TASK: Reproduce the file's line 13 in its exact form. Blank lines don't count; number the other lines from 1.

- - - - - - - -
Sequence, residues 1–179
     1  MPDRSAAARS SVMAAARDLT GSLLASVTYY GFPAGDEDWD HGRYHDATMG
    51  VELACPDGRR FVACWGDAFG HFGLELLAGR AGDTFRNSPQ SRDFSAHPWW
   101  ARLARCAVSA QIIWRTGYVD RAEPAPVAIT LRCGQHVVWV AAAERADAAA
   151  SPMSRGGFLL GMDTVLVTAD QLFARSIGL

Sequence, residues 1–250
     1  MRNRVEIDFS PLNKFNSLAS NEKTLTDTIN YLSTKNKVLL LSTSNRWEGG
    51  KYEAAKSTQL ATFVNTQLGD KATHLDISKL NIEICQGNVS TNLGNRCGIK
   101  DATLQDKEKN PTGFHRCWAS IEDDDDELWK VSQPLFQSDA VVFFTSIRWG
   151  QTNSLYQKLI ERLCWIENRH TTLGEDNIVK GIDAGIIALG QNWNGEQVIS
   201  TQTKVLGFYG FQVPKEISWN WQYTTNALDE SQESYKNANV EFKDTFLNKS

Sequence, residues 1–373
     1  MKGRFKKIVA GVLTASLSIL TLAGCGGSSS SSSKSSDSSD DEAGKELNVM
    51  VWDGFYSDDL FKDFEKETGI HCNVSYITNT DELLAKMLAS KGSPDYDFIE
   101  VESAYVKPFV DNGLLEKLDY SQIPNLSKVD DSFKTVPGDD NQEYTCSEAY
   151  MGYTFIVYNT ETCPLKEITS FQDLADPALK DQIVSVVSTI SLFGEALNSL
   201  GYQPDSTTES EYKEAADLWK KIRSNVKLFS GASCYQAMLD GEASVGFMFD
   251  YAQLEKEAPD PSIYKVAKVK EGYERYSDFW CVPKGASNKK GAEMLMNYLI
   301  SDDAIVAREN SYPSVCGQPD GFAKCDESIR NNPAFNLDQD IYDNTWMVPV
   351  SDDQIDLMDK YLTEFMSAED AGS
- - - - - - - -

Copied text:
     1  MKGRFKKIVA GVLTASLSIL TLAGCGGSSS SSSKSSDSSD DEAGKELNVM